A countering argument, of course, is that those single-market ownership caps are scaled to the number of stations in the market – the abovementioned limits of eight total and five in either band applies only in markets having 45 or more stations, for example, and the limits decrease with the number of stations in the market. Because all FM stations in the market would be similarly enabled to expand their service, the relative proportion of services controlled by a single operator theoretically should not change.

One could also argue that the eight-service multicasting level is an extreme case that is unlikely to ever be achieved or served on a full-time, simultaneous basis, but if final rules are based on NRSC-5 as written, they would imply that such maximum service levels would be permitted.


So the commission will have to walk a fine political line here, balancing the value of multicasting with the perception of further relaxation of ownership limits.

This is not an academic concern. It was addressed directly by Commissioner Michael Copps in his separate statement accompanying last year’s FNPRM. Here’s an excerpt:

“I …believe that multicasting raises questions about our ownership rules. As the Further Notice recognizes, digital radio and multicasting hold out the promise of new opportunities to enhance diversity and to promote localism. But there may also be some risks involved here, particularly as regards changes in the local competitive landscape. Might not the ability to multicast several streams in a community instead of just one have at least some effects on the competitive landscape in that particular media market? What does it mean for competition if a company that would be permitted to own eight radio stations in a market also obtains the ability to multicast many more programming streams? Does that really promote competition, localism and diversity in the digital era?”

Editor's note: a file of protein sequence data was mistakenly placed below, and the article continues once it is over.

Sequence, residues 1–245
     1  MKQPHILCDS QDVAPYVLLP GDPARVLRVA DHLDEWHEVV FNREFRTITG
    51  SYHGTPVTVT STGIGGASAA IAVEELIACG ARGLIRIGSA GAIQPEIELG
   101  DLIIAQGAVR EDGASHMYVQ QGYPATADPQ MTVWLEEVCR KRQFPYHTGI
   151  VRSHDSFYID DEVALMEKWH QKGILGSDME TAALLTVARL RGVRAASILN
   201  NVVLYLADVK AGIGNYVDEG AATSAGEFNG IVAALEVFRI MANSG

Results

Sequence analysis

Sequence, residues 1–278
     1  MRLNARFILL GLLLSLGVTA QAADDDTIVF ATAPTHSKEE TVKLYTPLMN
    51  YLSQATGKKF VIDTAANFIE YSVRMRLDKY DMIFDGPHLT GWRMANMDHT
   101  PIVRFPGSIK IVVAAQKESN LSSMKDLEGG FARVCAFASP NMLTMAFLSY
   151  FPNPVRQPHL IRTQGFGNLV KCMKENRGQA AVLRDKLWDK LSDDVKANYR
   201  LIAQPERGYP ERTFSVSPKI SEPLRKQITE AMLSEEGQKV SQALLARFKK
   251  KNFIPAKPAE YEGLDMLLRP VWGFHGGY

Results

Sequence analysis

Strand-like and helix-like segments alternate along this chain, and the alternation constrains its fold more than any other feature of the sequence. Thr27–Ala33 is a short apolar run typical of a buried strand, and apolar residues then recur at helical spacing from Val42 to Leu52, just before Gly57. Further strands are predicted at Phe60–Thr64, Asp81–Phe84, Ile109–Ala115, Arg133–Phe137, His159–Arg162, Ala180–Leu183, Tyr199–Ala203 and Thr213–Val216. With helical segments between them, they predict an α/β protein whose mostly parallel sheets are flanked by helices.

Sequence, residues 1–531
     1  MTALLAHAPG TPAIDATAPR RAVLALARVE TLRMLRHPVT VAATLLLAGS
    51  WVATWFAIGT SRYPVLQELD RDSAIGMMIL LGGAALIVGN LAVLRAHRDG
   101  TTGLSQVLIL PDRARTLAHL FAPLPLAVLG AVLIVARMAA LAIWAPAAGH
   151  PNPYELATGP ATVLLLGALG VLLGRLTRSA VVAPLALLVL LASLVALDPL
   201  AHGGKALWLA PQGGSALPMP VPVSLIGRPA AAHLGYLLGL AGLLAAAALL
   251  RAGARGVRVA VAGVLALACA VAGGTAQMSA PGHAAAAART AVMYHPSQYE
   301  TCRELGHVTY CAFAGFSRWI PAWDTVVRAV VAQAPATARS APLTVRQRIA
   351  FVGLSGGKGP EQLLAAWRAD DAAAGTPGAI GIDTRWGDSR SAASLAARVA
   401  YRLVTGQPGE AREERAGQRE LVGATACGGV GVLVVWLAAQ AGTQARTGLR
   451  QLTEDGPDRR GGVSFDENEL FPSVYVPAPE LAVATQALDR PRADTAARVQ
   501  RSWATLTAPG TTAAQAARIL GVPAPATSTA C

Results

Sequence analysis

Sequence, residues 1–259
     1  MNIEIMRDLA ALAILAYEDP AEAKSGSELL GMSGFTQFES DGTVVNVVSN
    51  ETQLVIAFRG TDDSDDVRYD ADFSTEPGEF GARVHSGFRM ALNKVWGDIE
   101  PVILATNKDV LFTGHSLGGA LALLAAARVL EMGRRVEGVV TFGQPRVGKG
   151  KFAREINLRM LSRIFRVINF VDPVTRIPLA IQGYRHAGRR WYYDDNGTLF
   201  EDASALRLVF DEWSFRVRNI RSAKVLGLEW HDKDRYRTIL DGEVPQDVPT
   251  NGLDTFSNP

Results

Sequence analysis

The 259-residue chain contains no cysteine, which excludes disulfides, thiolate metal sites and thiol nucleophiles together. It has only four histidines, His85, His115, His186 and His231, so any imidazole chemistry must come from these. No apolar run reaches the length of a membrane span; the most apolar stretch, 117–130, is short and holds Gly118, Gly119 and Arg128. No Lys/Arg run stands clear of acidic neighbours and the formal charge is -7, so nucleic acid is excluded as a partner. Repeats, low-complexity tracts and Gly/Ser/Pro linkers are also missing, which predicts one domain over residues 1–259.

Therefore, notwithstanding the industry’s recent embrace of the multicasting movement, full approval in its current form is not necessarily assured. And despite its seemingly rosy future at present, the adoption of any significantly burdensome or costly new regulatory requirements for broadcasters who implement multicasting could kill the movement as quickly as it arose.

If multicasting truly is IBOC’s killer app, how the final rules read on it will be critical to the U.S. digital radio transition as a whole – perhaps more than any other single regulatory element.

Next time we’ll consider how the receiver marketplace might react in the IBOC era.